Many studies over the last decade have suggested that supplementing the diet with vitamin D gives a variety of health benefits. Published research has suggested that vitamin D deficiency is associated with increased risk of all-cause and cardiovascular mortality (Dobnig H, et al. Arch Intern Med. 2008 Jun 23;168(12):1340).
But until now, there has been no consistent evidence documenting a beneficial effect on mortality from supplementation.
Cochrane Collaboration researchers conducted a systematic review of 50 randomized trials comparing vitamin D to placebo or no intervention. The trials included 94,148 study participants, with most studies comprised of women older than 70 years old. Vitamin D was given to participants for a median of two years.
Focusing on 32 of those trials involving nearly 75,000 patients, researchers found that one particular form of vitamin D, vitamin D3 (cholecalciferol), could significantly decrease all-cause mortality.
The relative risk [RR] was 0.94, 95%CI 0.91-0.98), with a number needed to treat (NNT) of 161 to prevent one death per year, assuming 10% mortality in controls (level 1 [likely reliable] evidence). Further subgroup analysis revealed that the observed risk-reduction was driven primarily by patients with insufficient levels of vitamin D at baseline.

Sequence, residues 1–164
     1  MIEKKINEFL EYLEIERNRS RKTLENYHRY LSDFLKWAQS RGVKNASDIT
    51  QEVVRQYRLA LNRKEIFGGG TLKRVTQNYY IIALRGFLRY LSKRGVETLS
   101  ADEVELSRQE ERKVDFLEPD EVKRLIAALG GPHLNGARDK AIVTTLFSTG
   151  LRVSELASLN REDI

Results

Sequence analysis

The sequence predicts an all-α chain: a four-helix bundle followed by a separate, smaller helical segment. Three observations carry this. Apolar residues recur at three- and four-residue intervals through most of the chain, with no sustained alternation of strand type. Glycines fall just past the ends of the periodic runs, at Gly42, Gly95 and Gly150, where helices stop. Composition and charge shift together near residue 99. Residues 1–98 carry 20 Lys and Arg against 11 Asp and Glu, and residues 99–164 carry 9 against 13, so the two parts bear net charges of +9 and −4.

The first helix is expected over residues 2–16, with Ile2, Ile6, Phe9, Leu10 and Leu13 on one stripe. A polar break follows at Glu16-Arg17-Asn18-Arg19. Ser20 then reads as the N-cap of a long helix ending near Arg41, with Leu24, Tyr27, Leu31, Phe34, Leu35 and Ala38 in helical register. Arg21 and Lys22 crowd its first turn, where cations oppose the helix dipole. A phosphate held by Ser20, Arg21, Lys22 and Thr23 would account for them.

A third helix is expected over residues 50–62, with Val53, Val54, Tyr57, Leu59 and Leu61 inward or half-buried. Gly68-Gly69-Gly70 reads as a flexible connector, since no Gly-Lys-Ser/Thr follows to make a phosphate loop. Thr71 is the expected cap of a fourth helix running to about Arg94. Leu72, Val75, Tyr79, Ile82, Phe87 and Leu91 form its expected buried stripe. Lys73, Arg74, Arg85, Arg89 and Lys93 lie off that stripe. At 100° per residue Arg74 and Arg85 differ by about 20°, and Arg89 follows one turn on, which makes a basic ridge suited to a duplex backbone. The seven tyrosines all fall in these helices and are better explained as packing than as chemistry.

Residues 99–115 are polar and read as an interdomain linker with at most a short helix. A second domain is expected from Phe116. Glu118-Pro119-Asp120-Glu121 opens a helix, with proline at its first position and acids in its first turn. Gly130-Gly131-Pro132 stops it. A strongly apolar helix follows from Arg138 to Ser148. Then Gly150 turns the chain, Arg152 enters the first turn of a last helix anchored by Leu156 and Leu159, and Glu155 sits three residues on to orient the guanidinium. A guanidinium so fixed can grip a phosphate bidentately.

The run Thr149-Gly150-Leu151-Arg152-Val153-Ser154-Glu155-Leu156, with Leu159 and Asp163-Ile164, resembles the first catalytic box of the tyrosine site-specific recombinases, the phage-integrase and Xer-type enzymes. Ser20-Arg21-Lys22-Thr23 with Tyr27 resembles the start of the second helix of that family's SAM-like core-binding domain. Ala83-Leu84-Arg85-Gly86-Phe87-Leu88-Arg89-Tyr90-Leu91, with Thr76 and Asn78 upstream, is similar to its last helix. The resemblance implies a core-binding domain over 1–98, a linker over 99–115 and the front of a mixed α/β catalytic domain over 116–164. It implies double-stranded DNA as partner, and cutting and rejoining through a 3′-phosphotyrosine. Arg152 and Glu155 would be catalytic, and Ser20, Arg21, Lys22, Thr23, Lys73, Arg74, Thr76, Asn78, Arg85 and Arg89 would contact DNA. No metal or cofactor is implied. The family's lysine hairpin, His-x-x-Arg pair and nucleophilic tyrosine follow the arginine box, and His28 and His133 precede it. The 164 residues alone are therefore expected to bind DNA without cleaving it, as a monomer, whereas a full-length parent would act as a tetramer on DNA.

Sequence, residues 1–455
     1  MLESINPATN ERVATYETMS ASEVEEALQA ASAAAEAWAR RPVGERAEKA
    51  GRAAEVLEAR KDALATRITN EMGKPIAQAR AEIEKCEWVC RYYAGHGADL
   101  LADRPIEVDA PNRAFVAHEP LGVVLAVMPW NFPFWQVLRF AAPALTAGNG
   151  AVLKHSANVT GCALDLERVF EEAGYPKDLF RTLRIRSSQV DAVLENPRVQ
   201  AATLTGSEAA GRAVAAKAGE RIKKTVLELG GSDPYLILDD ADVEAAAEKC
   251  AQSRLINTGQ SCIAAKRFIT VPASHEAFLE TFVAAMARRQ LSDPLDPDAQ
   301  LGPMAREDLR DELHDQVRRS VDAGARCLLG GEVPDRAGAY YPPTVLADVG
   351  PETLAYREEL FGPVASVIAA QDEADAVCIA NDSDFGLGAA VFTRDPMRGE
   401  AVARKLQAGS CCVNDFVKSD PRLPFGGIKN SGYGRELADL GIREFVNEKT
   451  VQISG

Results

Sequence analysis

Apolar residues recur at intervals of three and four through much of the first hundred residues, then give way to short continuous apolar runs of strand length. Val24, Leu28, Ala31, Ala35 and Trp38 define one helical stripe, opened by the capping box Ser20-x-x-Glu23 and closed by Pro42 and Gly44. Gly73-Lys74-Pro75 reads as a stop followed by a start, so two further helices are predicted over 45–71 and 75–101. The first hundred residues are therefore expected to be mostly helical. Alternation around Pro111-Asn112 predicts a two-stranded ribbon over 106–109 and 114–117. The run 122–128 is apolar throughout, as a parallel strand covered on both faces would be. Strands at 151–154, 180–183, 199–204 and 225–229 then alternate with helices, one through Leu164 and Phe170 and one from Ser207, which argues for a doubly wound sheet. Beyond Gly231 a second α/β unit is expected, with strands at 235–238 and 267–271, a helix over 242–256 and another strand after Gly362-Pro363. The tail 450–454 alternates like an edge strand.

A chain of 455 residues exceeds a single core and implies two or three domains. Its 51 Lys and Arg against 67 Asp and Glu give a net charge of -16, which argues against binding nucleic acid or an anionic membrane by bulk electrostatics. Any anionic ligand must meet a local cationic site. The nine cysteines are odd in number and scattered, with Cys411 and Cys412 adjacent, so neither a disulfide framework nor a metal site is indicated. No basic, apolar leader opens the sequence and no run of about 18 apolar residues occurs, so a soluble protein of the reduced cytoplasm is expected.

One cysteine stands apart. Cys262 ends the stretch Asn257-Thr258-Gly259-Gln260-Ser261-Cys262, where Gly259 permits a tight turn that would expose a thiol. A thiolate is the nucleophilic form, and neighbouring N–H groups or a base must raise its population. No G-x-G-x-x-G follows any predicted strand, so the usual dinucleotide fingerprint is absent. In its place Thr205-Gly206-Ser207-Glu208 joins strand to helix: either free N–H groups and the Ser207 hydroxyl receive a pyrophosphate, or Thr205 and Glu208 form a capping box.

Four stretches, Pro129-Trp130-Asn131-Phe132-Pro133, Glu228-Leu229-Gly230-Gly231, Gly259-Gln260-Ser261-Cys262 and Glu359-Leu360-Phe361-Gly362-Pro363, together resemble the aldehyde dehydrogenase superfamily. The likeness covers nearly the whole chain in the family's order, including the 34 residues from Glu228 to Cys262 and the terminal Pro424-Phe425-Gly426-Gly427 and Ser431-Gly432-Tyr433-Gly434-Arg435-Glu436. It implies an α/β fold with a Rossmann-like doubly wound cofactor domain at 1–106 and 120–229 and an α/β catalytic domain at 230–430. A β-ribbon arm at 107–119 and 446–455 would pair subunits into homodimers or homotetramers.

In the Cochrane analysis, there were no significant differences in mortality with other forms of vitamin D, such as vitamin D2, alfacalcidol and calcitriol (level 2 [mid-level] evidence). Alfacalcidol and calcitriol tended to promote hypercalcaemia, and vitamin D3 with calcium significantly increased the risk of kidney stones. (Bjelakovic G, et al. Cochrane Database Syst Rev. 2011 Jul 6;(7):CD007470).
This article was adapted from the DynaMed Weekly Update. DynaMed, published by EBSCO Publishing, is a commercial-free clinical reference tool created by physicians for physicians and other health care professionals for use primarily at the 'point-of-care.' Offering clinically-organized summaries for more than 3,000 topics, DynaMed is updated daily and monitors an extensive collection of journals and evidence review sources. New evidence is integrated with existing content, and overall conclusions updated based on the best available evidence.